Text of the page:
By Matthew Geagan, CBS Boston
BOSTON (CBS) -- David Price is taking a positive approach to his 2018 season.
The lefty has been in Fort Myers, Florida since early December, determined to have his best season yet as a member of the Red Sox. As he prepares for his third season in Boston, Price is turning the page on a tumultuous 2017 that included a lengthy recovery from an elbow injury and several episodes of off-the-field drama. Things haven't worked out quite as well as he was hoping when he inked a seven-year, $217 million deal with the Red Sox in the winter of 2015, but he has no regrets.
"None at all. Everything I've been through the last two years, it's been a struggle, absolutely. But I feel like I've gotten better from it, learned from it, and I look forward to continue to learn," Price told reporters Tuesday down in Fort Myers.
Price admits he could have handled the off-the-field nonsense a little bit better last year, and is open to chatting with Dennis Eckersley, whom he berated on a team flight after the Hall of Famer made some critical comments about Price and his fellow pitchers.
"I could have handled it better last year, absolutely. I didn't and I've moved on," Price said on Tuesday. "I look forward to getting back to this year and getting off on the right foot."
But that "right foot" doesn't necessarily mean that Price will always be eager to chat with the famous Boston media.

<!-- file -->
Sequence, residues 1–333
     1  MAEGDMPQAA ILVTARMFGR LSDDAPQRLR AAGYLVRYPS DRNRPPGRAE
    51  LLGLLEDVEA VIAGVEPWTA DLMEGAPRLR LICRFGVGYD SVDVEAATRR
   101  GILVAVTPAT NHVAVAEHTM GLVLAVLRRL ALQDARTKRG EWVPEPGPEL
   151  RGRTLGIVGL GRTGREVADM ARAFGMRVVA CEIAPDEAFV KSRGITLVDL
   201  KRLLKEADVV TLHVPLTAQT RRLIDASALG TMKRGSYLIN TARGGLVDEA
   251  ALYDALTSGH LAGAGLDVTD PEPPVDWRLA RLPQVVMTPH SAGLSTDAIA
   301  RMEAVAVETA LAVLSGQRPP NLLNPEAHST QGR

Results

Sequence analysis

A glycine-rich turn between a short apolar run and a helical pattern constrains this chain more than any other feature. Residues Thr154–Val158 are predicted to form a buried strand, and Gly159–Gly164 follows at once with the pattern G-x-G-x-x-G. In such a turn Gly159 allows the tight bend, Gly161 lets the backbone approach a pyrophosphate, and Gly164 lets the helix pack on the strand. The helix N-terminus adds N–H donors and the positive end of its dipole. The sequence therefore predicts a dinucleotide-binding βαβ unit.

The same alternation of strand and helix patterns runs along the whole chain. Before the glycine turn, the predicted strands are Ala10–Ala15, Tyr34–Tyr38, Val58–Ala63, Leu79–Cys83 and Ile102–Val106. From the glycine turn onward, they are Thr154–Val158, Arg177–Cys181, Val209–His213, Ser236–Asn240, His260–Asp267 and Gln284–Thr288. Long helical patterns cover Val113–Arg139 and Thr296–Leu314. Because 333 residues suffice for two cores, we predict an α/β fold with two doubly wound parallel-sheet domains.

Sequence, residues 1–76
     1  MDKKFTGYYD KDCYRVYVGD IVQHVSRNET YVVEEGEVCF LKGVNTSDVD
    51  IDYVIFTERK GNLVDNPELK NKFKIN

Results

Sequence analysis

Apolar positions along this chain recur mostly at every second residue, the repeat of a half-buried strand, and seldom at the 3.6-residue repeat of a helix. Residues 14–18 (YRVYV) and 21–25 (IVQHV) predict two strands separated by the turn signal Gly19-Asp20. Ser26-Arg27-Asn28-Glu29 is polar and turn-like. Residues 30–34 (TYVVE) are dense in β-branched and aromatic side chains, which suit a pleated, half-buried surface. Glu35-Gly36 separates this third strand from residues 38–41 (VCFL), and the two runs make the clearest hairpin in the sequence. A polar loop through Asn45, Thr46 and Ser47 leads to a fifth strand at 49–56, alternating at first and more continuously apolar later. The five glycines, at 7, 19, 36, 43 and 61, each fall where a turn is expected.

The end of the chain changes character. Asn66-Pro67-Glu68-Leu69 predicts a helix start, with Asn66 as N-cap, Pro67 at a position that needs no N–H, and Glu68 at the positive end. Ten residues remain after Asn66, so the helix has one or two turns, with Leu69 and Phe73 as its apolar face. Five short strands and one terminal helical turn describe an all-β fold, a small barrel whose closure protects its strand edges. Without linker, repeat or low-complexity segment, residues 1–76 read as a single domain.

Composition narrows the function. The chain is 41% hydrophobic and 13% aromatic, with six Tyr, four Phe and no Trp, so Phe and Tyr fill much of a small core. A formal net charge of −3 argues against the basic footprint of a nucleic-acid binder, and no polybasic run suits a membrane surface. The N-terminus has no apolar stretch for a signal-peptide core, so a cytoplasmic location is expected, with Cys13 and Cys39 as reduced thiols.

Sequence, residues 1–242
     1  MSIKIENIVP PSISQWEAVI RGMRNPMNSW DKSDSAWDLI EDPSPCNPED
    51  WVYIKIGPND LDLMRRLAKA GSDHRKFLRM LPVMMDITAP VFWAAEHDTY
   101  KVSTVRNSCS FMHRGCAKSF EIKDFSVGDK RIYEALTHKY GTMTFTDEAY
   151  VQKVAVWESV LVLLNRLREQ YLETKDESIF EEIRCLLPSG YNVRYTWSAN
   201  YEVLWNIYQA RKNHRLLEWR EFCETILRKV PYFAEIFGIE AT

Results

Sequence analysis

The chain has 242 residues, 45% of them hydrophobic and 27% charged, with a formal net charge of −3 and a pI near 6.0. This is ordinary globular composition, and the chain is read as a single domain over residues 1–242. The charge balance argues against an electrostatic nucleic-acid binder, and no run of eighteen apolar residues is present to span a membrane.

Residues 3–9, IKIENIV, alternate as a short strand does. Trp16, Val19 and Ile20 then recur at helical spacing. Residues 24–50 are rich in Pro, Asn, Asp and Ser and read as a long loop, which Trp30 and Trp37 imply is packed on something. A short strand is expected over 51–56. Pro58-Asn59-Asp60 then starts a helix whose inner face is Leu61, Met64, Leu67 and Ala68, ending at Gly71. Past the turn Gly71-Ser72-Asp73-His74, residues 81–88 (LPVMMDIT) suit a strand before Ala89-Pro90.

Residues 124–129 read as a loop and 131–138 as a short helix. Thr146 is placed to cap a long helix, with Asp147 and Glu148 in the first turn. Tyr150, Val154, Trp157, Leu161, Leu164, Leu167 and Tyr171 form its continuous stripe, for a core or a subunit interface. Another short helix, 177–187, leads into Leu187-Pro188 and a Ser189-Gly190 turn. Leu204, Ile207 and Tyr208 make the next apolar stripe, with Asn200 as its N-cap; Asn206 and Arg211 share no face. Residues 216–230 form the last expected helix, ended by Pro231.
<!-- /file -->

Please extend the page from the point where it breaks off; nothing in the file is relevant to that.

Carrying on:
"We can talk, but you're not going to just come over and overload me with negativity," Price told the Boston Globe's Dan Shaughnessy -- one of the pitcher's biggest critics and the man who really shined the spotlight on the Eckersley spat last season. "That's not going to happen."
Price is already in a better frame of mind this spring than last year. It was early in Spring Training that he first felt soreness in his left elbow, which caused him to shut it down and start the season on the disabled list. He didn't toe the rubber until late-May, and he was back on the DL two months later with left elbow inflammation. When he returned in the middle of September, he did so as a reliever.
But that trip to the bullpen was no demotion. It was actually a shot of confidence that Price needed to bounce back from his injury, and it proved to be an effective decision by the Red Sox, as Price tossed 6.2 innings of shutout ball in Boston's ALDS loss to the Houston Astros.
"To get into the playoffs and throw back-to-back days, to throw the amount of pitches I did in the time I did, it took all the injury concern out of my mind," he said.
Price enters this new season confident and committed to the Red Sox. He owns an opt-out clause in his contract, giving him the ability to become a free agent after the season, but don't expect the 32-year-old to walk away from four more years at $127 million. That would be a foolish decision for any pitcher, especially with teams tightening their check books the last few offseasons, but that really isn't Price's prerogative for remaining in Boston.
"I came here to win. I knew how tough it was to play here, to pitch here. If you go out and win it, I know all the emotions and everything will be even better in that positive light," he said. "I look forward to doing that."
If we've learned anything about Price over the last three years, it's that he always says the right things in Fort Myers but usually can't deliver when things shift back to Boston. Hopefully this time around, he can walk the walk from April to October.
"Winning cures everything," he said on Tuesday.
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